All 15 aspirants for SC vacancy qualified, says JBCBy Jerome Aning
Philippine Daily Inquirer
MANILA, Philippines–All of the 15 aspirants for the vacant post at the Supreme Court are qualified to be voted for the final shortlist of nominees, according to the Judicial and Bar Council.
Lawyer Jose Mejia, regular member of JBC representing the academe, said all the candidates have complied with the requirements and met the qualifications to become a justice of the Supreme Court.
“We will vote on Nov. 7 for the shortlist of at least three names. President Aquino has until Nov. 22 to make the appointment so he will have enough time for that,” Mejia said in a text message.
The appointee will fill the remaining vacancy in the 15-member high tribunal which resulted from the appointment of Justice Ma. Lourdes Sereno as Chief Justice last August.
The candidates have submitted their statement of assets, liabilities and net worth, and waivers for the disclosure of their bank assets. They have also undergone neuro-psychiatric testing. They were also screened by the JBC during public interviews on Oct. 23 and 25.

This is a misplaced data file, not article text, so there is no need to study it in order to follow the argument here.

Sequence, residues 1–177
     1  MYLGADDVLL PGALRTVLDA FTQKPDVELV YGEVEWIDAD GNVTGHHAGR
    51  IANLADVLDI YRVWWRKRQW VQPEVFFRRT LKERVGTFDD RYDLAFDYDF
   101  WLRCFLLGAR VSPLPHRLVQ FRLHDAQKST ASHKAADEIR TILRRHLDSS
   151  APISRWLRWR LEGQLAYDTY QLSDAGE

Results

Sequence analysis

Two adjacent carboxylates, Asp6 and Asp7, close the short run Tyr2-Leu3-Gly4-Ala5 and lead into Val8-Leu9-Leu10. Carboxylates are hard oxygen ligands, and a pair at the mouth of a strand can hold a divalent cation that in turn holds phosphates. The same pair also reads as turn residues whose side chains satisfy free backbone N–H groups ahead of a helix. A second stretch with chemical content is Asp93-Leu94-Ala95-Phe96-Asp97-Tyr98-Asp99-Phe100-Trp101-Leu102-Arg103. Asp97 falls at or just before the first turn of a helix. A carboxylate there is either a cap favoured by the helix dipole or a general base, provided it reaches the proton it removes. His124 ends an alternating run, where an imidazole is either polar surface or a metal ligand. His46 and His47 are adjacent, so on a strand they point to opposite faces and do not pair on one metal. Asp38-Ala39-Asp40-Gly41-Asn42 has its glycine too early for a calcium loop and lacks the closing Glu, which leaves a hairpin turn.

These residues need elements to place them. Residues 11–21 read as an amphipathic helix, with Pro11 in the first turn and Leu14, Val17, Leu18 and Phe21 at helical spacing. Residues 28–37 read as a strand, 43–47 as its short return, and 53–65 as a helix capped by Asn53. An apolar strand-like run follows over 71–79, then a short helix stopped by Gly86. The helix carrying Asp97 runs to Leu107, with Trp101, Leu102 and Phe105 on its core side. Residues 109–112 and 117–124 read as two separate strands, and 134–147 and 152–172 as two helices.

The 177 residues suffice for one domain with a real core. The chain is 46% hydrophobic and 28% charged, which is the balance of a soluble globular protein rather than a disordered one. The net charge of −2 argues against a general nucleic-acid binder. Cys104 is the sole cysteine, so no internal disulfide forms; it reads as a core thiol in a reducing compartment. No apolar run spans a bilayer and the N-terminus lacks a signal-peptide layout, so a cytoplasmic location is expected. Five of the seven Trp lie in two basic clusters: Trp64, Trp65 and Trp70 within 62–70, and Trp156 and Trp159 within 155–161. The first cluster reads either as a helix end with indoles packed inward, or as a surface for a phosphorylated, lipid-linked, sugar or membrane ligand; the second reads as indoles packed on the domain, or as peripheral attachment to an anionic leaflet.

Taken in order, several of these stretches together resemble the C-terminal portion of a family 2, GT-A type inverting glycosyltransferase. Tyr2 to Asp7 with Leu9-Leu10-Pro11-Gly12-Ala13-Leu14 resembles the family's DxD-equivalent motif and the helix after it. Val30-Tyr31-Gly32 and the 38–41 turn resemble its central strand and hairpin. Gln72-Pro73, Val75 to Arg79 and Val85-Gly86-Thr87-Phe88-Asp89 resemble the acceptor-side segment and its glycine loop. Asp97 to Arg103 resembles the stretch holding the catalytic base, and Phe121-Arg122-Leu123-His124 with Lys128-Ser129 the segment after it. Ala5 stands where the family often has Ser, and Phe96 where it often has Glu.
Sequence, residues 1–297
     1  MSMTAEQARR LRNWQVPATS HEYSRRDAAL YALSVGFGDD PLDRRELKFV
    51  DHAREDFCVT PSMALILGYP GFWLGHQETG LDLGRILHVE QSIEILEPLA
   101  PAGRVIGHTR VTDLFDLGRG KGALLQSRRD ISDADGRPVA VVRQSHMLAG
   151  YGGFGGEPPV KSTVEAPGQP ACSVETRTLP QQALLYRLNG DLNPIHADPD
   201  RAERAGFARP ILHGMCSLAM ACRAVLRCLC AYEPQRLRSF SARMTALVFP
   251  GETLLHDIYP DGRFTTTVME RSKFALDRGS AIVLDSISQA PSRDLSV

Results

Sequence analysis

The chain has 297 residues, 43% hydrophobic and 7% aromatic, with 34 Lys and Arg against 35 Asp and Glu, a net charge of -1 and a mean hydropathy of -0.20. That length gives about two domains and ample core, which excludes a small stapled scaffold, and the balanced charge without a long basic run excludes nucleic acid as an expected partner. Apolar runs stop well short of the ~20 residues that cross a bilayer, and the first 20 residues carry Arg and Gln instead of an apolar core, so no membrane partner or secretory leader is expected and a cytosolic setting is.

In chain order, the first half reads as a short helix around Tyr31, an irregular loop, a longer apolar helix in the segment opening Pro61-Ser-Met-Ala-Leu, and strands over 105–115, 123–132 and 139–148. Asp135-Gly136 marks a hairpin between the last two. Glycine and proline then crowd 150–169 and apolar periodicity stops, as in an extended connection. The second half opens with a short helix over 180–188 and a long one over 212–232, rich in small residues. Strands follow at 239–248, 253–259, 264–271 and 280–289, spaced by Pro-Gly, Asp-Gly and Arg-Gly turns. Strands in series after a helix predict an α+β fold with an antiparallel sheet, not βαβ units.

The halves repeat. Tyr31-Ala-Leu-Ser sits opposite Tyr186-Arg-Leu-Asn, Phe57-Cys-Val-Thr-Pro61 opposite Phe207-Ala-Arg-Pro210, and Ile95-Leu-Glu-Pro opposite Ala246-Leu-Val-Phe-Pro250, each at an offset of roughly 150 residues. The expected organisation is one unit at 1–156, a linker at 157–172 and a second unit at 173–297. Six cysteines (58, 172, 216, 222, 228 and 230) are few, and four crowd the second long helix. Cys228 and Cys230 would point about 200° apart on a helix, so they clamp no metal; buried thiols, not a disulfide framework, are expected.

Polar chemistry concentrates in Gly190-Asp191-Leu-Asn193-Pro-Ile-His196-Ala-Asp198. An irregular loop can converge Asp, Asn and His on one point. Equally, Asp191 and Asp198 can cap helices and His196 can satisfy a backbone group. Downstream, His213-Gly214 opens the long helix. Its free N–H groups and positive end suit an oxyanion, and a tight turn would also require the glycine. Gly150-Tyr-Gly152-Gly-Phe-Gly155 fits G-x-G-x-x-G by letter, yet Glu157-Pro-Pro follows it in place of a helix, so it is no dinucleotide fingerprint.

Nine of the 15 aspirants for justice are considered “insiders” in the judiciary. They are presiding justice Andres Reyes Jr. and associate justices Ramon Bato Jr., Rosmari Carandang, Magdangal de Leon, Isaias Dicdican, Jose Reyes Jr. and Noel Tijam of the Court of Appeals; Sandiganbayan justice Ma. Cristina Cornejo; and former Davao City judge Adoracion Cruz-Avisado.
The other six are “outsiders,” namely, former University of Perpetual Help System law dean Jose-Santos Bisquera, government peace panel chair and former University of the Philippines law dean Marvic Leonen, former energy secretary Raphael Lotilla, De La Salle University law dean Jose Manuel Diokno, Securities and Exchange Commission chair Teresita Herbosa, and former Ateneo law dean Cesar Villanueva.
Under the Constitution, a justice of the Supreme Court must be a natural-born citizen, at least 40 years old, have 15 years or more experience as a judge of a lower court or engaged in the practice of law in the Philippines. He must also b e “a person of proven competence, integrity, probity, and independence.”
The eight-member JBC, chaired by Sereno, is the body tasked to come out with a shortlist of not more than three nominees to fill up a vacancy in the Court.